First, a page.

Bug #18036


Pthread fibers become invalid on fork - different from normal fibers.

Added by ioquatix (Samuel Williams) almost 3 years ago. Updated 8 months ago.

Target version:


Fork is notoriously hard to use correctly and I most cases we should be encouraging Process#spawn. However, it does have use cases for example pre-fork model of server design. So there are some valid usage at least.

We recently introduced non-native fiber based on pthread which is generally more compatible than copy coroutine w.r.t. the overall burden on the implementation. However, it has one weak point, which is that pthreads become invalid on fork, and thus fibers become invalid on fork. That means that the following program can become invalid: do

It will create two threads, the main thread and the thread for the fiber. When the child begins execution, it will be within the child pthread, but the parent pthread is no longer valid, i.e. it's gone.

I see a couple of options here (not mutually exclusive):

  • Combining Fibers and fork is invalid. Fork only works from main fiber.
  • Ignore the problem and expect users of fork to be aware that the program can potentially enter an invalid state - okay for fork-exec but not much else.
  • Terminate all non-current fibers as we do for threads, and possibly fail if the current fiber exits for some reason.

Because pthread coroutine should be very uncommon, I don't think we should sacrifice the general good qualities of the fiber semantic model for some obscure case. Maybe it would be sufficient to have a warning (not printed by default unless running on pthread coroutines), that fork within a non-main fiber can have undefined results.

Updated by jeremyevans0 (Jeremy Evans) almost 3 years ago

I'm fine having fork raise an exception when called from non-main fiber if the pthread coroutine implementation is used, and issue a verbose warning in other cases.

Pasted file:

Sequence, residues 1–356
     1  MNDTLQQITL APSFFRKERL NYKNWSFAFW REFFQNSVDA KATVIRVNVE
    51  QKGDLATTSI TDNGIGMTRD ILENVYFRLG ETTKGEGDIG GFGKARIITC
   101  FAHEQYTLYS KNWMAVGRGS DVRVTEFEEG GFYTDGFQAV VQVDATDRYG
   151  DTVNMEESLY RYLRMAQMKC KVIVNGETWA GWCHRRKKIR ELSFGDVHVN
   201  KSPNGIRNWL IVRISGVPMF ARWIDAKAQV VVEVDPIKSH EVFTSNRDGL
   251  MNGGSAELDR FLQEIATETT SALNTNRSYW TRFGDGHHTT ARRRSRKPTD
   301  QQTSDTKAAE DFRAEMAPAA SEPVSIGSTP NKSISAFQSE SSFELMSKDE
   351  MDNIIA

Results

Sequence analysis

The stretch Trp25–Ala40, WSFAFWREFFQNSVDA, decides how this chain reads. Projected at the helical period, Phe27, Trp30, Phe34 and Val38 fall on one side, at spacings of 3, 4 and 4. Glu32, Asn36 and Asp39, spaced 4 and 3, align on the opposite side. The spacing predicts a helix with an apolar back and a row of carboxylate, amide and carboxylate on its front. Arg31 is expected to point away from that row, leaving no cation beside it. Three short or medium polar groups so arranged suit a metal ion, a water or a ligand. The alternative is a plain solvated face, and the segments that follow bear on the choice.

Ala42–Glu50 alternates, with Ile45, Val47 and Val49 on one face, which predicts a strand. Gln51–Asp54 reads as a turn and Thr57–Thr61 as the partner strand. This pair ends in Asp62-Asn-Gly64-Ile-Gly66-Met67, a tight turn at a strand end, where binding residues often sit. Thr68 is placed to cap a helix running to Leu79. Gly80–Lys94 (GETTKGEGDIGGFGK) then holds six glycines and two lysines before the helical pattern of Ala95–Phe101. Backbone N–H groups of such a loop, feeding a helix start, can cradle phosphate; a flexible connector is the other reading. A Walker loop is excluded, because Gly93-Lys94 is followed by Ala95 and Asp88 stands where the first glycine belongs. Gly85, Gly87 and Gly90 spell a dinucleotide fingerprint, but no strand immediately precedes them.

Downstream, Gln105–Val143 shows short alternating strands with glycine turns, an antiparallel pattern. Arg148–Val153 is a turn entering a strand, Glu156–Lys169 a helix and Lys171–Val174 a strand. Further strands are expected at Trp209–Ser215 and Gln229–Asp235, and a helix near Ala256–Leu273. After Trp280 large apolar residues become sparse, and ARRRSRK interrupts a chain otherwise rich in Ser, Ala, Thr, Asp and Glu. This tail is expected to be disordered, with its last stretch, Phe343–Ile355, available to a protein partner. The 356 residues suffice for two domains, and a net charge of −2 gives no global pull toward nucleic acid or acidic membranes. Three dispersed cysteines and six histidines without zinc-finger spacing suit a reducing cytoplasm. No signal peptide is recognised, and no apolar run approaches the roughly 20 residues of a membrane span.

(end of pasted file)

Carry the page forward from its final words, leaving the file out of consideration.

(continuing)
Updated by matz (Yukihiro Matsumoto) over 2 years ago

Using fork from within non-main fibers should be prohibited only on architectures where it is unreliable (e.g. OpenBSD).


Updated by ioquatix (Samuel Williams) over 2 years ago

Thanks @matz (Yukihiro Matsumoto). @ko1 (Koichi Sasada), on my PC, the following program segfaults. I tried it on 2.7 and 3 (head).

require 'fiber'

fiber = do
  while true
    puts "Hello World"

puts "Exiting"

I'm not sure, do we expect this to work? It seems child process crash. But the program seems well-formed.

Hello World
[BUG] Segmentation fault at 0x0000000000000040
ruby 2.7.3p183 (2021-04-05 revision 6847ee089d) [x86_64-linux]

-- Control frame information -----------------------------------------------
c:0001 p:---- s:0003 e:000002 (none) [FINISH]

-- Machine register context ------------------------------------------------
 RIP: 0x0000560912d70169 RBP: 0x00005609149f05d0 RSP: 0x00007f972fa09d60
 RAX: 0x0000000000000000 RBX: 0x000056091484edb0 RCX: 0x00005609149f05d0
 RDX: 0x0000000000000010 RDI: 0x00005609149f05d0 RSI: 0x0000000000000006
  R8: 0x0000000000000000  R9: 0x0000000000000000 R10: 0x00005609149d7630
 R11: 0x0000000000000000 R12: 0x0000000000000006 R13: 0x000056091484ee50
 R14: 0x0000000000000000 R15: 0x00000000ffffffff EFL: 0x0000000000010202

-- C level backtrace information -------------------------------------------
ruby(0x2143a8) [0x560912f573a8]
/home/samuel/.rubies/ruby-2.7.3/bin/ruby(rb_bug_for_fatal_signal+0xe4) [0x560912ffd974]
/home/samuel/.rubies/ruby-2.7.3/bin/ruby(sigsegv+0x49) [0x560912eb52f9]
/home/samuel/.rubies/ruby-2.7.3/bin/ruby(rb_ec_tag_jump+0x9) [0x560912d70169]
/home/samuel/.rubies/ruby-2.7.3/bin/ruby(rb_longjmp+0x82) [0x560912d71fd2]
/home/samuel/.rubies/ruby-2.7.3/bin/ruby(rb_print_undef+0x40) [0x560912d74790]
/home/samuel/.rubies/ruby-2.7.3/bin/ruby(rb_vraise+0x4c) [0x560912fff01c]
/home/samuel/.rubies/ruby-2.7.3/bin/ruby(rb_raise+0x94) [0x560912fff0b4]
/home/samuel/.rubies/ruby-2.7.3/bin/ruby(return_fiber.part.0+0x19) [0x560912fce3d9]
/home/samuel/.rubies/ruby-2.7.3/bin/ruby(rb_fiber_start+0x2f1) [0x560912fd11e1]
/home/samuel/.rubies/ruby-2.7.3/bin/ruby(fiber_entry+0x9) [0x560912fd12c9]

Updated by jeremyevans0 (Jeremy Evans) 8 months ago

  • Status changed from Open to Closed

I tested the example in in my environment, and since Ruby 3.0, it doesn't fail (it does segfault on Ruby 2.7). I tested with Ruby master and the behavior is the same with both the amd64 coroutine and pthread coroutine, which is that Fiber.yield raises an FiberError in the forked process ("attempt to yield on a not resumed fiber").

Since the behavior doesn't appear to be unreliable, I'm going to close this.


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